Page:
…is this thing on?
Kenny dug out my granny’s Singer 301a, circa 1950-something, and is happily sewing patches onto his Kermit chair.
June 16, we made it from Weatherford TX to Meridian, MS in blazing heat that never dropped below the high 90s. We were relieved to have a short 320 miles or so on June 17th to make it home from Meridian, while experiencing relatively cool temperatures in the mid-90s!
It was at this point we said goodbye to cool rainy weather. It was almost 90 degrees at 9am in Roswell NM. This would rise to around 102 in west Texas.
As we left NM and crossed into TX, the temperature never went below 96.
We pulled into Post TX looking for some air-conditioning and local food. What we found was one of those rare places that really make the whole trip. We drove into the old section of town looking for a café and by accident spied a small diner sign on the front of a building Cocaras Diner.
The front windows were dark from the outside glare but they were in fact open for business. We decided to investigate and all I can say is that we ate one of the best meals of our trip. The lady who owns the place hails from Alabama and bakes all the pies, cakes, and food herself. She sat with us while we ate and told us the whole history of Post, how she came to live there, and how her restaurant’s desserts came to be featured in Southern Living magazine. We left Post TX with full bellies and smiling.
We headed up Hwy 40 to Clines Corner.
More rain and wind… I remember the last time we visited Clines Corner there was a major blizzard. Cline’s Corner is a cool store with just about everything in it. We rested a bit bought a few items and headed out to Roswell NM.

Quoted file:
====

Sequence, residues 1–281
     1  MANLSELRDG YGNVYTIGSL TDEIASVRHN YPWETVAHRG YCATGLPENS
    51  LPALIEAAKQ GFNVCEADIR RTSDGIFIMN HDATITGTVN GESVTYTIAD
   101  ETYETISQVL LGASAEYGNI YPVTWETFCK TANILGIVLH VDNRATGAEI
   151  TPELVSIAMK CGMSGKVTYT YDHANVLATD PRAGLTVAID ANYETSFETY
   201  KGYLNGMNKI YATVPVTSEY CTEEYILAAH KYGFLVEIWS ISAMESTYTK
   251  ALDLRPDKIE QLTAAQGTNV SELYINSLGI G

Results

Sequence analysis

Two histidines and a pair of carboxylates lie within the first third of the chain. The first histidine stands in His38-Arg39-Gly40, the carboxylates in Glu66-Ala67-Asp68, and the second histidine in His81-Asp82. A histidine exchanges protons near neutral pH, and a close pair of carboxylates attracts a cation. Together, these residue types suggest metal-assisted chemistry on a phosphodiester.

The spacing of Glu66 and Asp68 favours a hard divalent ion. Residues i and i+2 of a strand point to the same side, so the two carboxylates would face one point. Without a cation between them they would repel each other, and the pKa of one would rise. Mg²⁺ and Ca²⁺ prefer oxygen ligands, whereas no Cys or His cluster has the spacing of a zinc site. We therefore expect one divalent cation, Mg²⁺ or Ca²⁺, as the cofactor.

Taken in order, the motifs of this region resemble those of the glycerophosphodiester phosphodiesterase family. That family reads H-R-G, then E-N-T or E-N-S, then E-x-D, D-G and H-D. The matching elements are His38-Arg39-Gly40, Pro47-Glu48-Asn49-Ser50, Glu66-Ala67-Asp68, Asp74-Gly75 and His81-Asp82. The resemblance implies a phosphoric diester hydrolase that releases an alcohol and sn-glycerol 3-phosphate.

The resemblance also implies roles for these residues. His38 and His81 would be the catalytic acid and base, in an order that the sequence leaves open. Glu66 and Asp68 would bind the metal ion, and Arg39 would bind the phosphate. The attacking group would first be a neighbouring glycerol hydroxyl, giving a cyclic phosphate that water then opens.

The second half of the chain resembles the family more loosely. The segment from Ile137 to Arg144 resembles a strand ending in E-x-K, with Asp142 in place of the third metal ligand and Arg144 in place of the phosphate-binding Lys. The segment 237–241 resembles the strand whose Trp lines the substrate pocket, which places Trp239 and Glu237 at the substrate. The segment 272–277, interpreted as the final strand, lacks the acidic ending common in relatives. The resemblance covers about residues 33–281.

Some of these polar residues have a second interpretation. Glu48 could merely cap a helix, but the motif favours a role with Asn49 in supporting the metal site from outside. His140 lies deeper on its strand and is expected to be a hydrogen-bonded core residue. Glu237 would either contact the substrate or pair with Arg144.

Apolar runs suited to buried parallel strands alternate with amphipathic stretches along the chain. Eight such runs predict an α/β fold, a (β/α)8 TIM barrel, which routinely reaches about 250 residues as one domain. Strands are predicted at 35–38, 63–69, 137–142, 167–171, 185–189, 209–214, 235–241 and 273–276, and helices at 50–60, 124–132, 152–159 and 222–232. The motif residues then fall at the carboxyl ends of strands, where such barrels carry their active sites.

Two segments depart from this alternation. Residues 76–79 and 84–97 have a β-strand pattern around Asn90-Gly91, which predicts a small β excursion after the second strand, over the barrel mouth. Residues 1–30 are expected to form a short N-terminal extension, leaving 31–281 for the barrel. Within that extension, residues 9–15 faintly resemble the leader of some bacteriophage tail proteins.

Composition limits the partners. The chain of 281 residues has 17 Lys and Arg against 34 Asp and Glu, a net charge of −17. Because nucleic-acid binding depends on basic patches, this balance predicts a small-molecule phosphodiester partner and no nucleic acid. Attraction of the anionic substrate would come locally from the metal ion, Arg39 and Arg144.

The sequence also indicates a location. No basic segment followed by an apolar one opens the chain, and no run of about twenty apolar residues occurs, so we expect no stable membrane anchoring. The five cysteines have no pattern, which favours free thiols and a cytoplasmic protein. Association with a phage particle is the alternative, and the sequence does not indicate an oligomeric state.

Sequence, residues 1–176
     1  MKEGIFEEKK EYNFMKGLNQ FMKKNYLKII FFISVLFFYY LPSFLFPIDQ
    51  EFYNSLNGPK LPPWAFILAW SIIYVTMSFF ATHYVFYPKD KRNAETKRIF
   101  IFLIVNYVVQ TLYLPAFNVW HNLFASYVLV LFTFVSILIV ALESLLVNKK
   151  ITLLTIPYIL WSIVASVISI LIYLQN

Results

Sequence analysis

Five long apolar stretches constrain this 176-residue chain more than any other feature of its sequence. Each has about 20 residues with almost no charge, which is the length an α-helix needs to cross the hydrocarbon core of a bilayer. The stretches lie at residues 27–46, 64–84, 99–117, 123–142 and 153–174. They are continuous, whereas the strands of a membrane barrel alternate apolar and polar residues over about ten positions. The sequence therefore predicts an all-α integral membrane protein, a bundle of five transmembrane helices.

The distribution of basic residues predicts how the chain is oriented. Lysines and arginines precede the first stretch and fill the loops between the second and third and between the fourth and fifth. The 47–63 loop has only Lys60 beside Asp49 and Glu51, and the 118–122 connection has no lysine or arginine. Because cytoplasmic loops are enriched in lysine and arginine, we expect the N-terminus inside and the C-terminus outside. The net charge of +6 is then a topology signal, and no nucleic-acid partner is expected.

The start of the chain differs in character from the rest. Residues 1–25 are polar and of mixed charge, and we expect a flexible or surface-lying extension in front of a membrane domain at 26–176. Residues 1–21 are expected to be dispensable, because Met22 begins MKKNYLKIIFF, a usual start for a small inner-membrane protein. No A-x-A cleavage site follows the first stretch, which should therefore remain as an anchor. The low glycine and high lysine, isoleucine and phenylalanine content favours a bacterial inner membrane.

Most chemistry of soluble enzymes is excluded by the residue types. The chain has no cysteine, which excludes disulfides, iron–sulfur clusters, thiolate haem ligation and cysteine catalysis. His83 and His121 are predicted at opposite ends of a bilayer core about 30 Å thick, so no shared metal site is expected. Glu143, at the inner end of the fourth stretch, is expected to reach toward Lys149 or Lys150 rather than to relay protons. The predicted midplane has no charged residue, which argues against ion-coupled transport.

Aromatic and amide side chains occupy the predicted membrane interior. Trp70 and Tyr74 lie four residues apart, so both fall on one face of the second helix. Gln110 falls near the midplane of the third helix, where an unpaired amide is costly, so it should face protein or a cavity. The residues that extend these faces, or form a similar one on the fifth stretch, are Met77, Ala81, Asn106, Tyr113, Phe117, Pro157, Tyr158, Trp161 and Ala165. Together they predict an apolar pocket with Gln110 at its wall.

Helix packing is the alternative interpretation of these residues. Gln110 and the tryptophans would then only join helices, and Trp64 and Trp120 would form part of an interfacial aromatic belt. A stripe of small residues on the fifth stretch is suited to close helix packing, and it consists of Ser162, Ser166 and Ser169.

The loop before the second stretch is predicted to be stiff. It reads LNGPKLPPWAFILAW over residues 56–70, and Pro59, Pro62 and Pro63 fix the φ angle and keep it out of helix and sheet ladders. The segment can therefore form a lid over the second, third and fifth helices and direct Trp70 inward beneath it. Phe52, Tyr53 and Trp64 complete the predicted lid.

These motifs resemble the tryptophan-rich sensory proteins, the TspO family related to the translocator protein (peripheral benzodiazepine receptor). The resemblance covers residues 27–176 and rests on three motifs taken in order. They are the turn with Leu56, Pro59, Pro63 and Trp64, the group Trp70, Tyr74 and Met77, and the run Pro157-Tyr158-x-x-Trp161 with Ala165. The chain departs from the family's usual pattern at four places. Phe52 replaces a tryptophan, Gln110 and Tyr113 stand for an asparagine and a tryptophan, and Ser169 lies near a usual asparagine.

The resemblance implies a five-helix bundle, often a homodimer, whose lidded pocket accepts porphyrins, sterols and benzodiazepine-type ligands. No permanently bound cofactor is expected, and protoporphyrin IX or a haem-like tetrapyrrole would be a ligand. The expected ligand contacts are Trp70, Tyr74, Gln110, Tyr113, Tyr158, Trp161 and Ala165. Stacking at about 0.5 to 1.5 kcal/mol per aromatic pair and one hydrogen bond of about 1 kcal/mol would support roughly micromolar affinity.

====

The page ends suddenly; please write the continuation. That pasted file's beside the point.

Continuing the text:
The trip from Clines corner to Roswell is one or the longest stretches between gas stations on our trip.
The wind picked up and gusted dangerously. We would later find out that the storm we were driving through created measured 80 mph winds and severe sandstorms as far away as Post, Texas.
The wind died a few miles outside Roswell NM. We drove around town looking for signs of aliens, found a few, and had a coffee at Starbucks.
From Monticello we rode the devils highway 666 to US 40.
Southern Utah is both a beautiful and a hostile place. The arid environment and heat created spectacular dust devils. To sum up US 666, Dust, Rocks, Wind and blinding sun.
We made it to Hwy 40 and turned east to Albuquerque NM. The wind picked up quite a bit and was very challenging.
We could not pass thru Albuquerque NM without stopping by one of the friendliest BMW dealers, Sandia BMW. We stopped in and they decided to look at my bike and its lack of decent brakes. Still, I had no luck on my brakes. We left there feeling good with a couple of shirts.
We fought the wind which was gaining strength all the way to Moriarty NM.
Heading south from Provo UT our next destination was Arches National Park. The ride to Arches was uneventful. Lots of desert and the weather was finally clearing up for us a little.
The drive thru Arches is simply beyond words. I will let the photos speak for themselves.
Just outside the park…
We pulled into Monticello UT which is one step removed from a ghost town. Kenny whiled away a pleasant evening here replacing his rear brake pads…
Monticello is also at the beginning of the infamous Hwy 666 the devils highway.
Heading North from Ely NV we made our way thru some truly vast and remote stretches of highway. It was rainy and cold and I was traveling on residual brakes.
Thru the high passes the temperature would drop 10 or fifteen degrees and chill us to the bone.
We decided to stop in Wendover NV for lunch at a casino. I had a spare 2 dollars and decided to try my luck.
Wendover NV is at the beginning of arguably the longest straightest section of highway in the continental US 33 miles. This may not seem like a long way but trust me when you are standing at the rest stop at the Bonneville Salt Flats looking both directions it is a little unsettling and how flat and vast this flat is.
It was pouring down the rain as we entered Salt Lake City so we did not see much of the Great Salt Lake.
We made our way to BMW of Salt Lake Utah where I was informed that they really did not know what was wrong with my bike and perhaps a good brake bleed job thru the servos would solve my lack of ABS and residual brakes.